Any pics or references on that? I've always thought it'd be cool if a tank had a removable layer ala race car driver helmet lenses, though I have no idea how to practically do such a thing. Something you just peel off occasionally and have a clear, scratch free, tank.
 
Great reboot. Tank's looking great. I have an acrylic tank too. I don't think there's any way to avoid micro scratches. It's definitely frustrating, even if I use Dobbie pads or Mr. Clean pads. If you look hard enough you'll see the micro scratches. I've only had acrylic tanks in the past 25 years of reefing and I agree that they're tough and very unlikely to leak; they'll also never chip.
I have the same dimensions you have, except mine is only 4 ft long. I think the ht and depth are perfect.
Best of luck with the reboot!
 
Any pics or references on that? I've always thought it'd be cool if a tank had a removable layer ala race car driver helmet lenses, though I have no idea how to practically do such a thing. Something you just peel off occasionally and have a clear, scratch free, tank.
I actually have 1/8" black acrylic sheet on the back side of the tank where the peninsula window ends. I just got it from amazon and stacked some rocks against it. In my case the intent isn't for removal but mostly because I didn't want to see the painted wall behind that section.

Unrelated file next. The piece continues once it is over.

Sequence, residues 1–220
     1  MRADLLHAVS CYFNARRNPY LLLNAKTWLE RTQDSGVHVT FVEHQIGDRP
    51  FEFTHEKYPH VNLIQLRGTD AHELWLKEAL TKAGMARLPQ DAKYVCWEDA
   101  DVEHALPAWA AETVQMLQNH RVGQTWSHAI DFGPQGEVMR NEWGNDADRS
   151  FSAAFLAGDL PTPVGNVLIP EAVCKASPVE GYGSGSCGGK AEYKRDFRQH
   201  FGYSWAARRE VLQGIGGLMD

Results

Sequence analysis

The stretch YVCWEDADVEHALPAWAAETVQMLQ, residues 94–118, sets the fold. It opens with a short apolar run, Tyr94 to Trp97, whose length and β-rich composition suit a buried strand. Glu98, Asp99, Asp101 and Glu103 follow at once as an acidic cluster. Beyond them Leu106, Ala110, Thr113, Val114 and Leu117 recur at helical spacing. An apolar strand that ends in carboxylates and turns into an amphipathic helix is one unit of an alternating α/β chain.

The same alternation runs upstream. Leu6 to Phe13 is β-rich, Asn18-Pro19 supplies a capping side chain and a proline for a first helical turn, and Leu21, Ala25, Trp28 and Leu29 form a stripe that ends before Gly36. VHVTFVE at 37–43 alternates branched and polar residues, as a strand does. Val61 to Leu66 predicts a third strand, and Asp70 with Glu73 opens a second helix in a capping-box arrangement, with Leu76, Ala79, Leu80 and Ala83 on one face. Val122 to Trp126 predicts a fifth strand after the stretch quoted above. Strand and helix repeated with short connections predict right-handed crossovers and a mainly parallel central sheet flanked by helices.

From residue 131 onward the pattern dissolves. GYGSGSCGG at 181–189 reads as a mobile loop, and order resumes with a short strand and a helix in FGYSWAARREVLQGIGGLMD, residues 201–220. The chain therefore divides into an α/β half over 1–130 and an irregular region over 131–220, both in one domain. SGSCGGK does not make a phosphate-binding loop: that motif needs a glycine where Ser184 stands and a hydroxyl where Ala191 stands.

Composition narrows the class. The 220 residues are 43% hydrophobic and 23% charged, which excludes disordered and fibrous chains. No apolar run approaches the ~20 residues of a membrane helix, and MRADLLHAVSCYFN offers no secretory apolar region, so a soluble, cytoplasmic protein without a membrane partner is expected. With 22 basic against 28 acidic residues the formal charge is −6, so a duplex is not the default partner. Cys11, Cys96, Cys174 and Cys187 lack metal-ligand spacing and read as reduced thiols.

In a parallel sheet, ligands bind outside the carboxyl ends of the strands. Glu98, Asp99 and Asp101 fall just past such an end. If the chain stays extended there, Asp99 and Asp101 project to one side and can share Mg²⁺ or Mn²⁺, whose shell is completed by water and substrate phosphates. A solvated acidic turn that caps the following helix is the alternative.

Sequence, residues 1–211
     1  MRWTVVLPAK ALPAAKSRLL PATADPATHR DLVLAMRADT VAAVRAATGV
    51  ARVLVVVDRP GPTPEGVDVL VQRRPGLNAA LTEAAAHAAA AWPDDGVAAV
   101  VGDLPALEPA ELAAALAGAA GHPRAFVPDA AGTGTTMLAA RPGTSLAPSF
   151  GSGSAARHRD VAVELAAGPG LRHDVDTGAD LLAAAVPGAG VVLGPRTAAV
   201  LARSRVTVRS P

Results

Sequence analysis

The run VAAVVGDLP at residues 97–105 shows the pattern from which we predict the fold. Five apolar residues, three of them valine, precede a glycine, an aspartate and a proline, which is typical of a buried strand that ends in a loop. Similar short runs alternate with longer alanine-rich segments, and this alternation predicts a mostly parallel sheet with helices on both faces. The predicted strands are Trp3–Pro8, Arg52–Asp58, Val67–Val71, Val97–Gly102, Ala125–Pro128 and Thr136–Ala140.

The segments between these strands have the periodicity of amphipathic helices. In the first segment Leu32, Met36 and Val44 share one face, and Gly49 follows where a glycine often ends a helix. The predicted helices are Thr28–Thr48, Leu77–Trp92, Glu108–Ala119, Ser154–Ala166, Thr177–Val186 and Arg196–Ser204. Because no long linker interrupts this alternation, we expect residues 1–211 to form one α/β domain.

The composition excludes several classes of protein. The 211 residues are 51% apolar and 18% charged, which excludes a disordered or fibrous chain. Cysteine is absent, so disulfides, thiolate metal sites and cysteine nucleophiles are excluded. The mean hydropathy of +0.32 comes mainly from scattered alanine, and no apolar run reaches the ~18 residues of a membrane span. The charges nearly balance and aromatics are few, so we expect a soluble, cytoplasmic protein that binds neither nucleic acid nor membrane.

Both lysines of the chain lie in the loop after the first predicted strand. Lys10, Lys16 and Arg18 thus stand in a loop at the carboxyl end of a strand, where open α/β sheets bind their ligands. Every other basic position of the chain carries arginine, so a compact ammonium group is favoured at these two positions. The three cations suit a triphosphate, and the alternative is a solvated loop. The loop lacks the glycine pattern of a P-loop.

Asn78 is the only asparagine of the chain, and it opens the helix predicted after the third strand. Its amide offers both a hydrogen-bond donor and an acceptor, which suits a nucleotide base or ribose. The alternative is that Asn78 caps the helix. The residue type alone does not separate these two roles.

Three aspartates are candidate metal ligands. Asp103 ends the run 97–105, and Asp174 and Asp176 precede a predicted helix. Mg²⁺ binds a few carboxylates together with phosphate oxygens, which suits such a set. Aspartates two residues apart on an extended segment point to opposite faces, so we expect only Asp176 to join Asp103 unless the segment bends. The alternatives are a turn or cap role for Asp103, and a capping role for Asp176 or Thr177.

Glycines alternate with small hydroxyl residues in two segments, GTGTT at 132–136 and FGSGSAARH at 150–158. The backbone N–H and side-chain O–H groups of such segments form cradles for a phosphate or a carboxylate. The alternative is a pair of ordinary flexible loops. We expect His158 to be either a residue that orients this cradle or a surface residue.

Keeping it simple with the old Berlin method! Any interesting hitchhikers from Tampa?

Scratch removal kits will be your friend since you will hit the side by accident at some point. But one thing you can do is use Dobie pads (you can wrap them around a magnet cleaner for the harder to reach areas.

Also use old credit cards for the sand line. If you get that insanely tough species of coralline algae, you can use a blunt butter/cheese knife (seriously the only thing that works) and press on the coralline edge until it cracks then scrape it off with a credit card. You might scratch a tiny bit, but if it's below the sand you won't notice.

The hardest part is just making sure the coralline doesn't get a foothold.

If you want to cheat on the section that hits your wall and overflow and isn't easy to reach, you can use the old public aquarium trick of having blue or black plastic sheets that you affix with magnets to the wall of the tank, then take out to soak in citric acid to clean once a month.
Thanks for the tips! I did get a bunch of black urchins that like to chew at the base of my sps frags, but they do good work otherwise. I also got a mantis shrimp that mostly minds his own business, although he's noisy. A lot of the flora died off, but many colorful sponges and such remain. I highly recommend rocks from TBS.